Scottish school exams may still go ahead at institutions that have social distancing measures in place, according to the Education secretary.

John Swinney admitted it would be “difficult” for pupils to sit National and Higher tests at schools across the country after plans were put in place to close all institutions from Monday amid Coronavirus fears.

However, he acknowledged those that have stringent policies for separating students in place could be utilised as he set out three options currently being considered by the Scottish Government to end the academic year.

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Mr Swinney said a delay on final exams or “alternative certification” methods based on coursework and/or prelims were also being considered.

He is expected to confirm the Government’s course of action at Holyrood later on Thursday after taking advice from the Scottish Qualifications Authority (SQA).

Speaking on the BBC’s Good Morning Scotland, Mr Swinney admitted he suspected that schools would be closed for the whole of the summer term.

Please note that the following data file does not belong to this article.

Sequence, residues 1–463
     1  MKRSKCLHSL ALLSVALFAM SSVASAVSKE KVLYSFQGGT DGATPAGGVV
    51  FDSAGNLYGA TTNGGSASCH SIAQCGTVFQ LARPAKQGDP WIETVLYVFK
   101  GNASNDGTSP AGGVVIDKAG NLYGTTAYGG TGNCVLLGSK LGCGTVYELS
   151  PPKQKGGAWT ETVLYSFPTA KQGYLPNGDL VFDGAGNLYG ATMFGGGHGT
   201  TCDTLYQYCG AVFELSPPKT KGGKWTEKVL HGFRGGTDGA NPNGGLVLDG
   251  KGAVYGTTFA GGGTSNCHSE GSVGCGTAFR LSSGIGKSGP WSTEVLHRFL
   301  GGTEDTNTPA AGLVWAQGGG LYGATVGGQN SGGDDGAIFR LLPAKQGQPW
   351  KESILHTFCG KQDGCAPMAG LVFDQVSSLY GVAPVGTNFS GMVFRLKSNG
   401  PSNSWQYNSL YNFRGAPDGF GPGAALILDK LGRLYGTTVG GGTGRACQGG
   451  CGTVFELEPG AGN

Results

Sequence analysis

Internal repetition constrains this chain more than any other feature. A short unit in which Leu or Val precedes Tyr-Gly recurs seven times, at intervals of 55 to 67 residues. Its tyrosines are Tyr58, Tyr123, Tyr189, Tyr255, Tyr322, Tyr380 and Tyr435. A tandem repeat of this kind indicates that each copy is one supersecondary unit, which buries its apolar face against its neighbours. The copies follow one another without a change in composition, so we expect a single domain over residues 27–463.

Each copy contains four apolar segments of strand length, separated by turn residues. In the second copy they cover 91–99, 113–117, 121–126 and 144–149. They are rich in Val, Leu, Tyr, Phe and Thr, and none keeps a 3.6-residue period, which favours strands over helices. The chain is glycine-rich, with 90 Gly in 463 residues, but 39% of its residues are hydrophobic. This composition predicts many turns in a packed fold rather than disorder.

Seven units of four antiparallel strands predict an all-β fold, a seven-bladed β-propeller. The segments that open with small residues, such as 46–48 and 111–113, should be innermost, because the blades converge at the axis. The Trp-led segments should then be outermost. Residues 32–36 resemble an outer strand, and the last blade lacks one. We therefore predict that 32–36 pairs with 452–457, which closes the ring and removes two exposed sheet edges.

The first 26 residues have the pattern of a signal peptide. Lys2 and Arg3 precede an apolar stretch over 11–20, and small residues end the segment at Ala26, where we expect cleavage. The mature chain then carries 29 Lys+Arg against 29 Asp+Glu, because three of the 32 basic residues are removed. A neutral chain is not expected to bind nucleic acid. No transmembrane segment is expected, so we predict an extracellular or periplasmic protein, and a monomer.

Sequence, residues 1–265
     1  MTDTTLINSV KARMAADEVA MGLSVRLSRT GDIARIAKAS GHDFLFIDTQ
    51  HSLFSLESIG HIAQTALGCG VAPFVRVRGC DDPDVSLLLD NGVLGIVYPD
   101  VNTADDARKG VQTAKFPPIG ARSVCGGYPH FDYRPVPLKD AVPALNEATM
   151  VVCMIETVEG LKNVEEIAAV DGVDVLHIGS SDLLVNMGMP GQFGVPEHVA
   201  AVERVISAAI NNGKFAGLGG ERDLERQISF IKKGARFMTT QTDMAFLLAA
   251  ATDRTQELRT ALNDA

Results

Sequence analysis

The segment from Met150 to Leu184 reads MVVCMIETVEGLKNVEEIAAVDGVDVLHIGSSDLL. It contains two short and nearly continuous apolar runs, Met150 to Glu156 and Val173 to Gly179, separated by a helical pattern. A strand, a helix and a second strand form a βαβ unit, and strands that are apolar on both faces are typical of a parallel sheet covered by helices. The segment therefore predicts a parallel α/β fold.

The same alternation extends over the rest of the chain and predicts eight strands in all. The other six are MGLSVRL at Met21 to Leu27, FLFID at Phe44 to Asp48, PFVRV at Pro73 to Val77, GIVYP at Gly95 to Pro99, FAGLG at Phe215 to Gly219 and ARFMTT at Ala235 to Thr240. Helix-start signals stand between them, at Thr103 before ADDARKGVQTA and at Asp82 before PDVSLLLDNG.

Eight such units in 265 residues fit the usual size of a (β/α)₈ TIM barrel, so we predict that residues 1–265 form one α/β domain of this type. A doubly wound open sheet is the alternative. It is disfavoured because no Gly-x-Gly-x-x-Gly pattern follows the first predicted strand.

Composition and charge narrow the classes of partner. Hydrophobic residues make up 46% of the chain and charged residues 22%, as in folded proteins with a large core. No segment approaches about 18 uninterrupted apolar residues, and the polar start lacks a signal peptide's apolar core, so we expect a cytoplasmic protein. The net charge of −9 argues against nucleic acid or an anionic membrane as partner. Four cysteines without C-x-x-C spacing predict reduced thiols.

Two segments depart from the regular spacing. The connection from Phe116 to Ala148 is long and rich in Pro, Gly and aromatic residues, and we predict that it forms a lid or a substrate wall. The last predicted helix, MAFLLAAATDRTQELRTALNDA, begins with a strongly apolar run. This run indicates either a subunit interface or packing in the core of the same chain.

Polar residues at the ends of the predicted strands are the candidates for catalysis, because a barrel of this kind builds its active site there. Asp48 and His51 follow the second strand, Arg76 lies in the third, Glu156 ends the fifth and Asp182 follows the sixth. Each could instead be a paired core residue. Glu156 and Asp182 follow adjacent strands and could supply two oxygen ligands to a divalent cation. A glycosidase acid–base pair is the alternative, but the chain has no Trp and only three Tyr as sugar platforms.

He told the programme: “It may be possible [for exams to continue] with proper social distancing in place in schools but it is logistically very different to our normal way of running exams.

“Delaying the exam diet is an option we can consider but there is an uncertainty as we don't know how long this is going to go on for.

“All options are being considered as we speak.”

Mr Swinney said additional digital learning provisions would be made available to children to continue their education at home, adding the Government was working with both the BBC and their UK counterparts to broaden “educational television”.

However, he acknowledged some schools would have to work more closely with pupils who did not have access to broadband.

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He added the Scottish government would give legislative consent to the sweeping new emergency powers being pushed through at Westminster.

He said: "We really are in uncharted territory. We support those provisions because we believe them to be necessary for the circumstances that we face.

"The key thing here is to understand our learners and to make sure we have the resources and arrangements in place that enable all of them to sustain their learning."

Mr Swinney is due to update parliament at around 2pm on Thursday.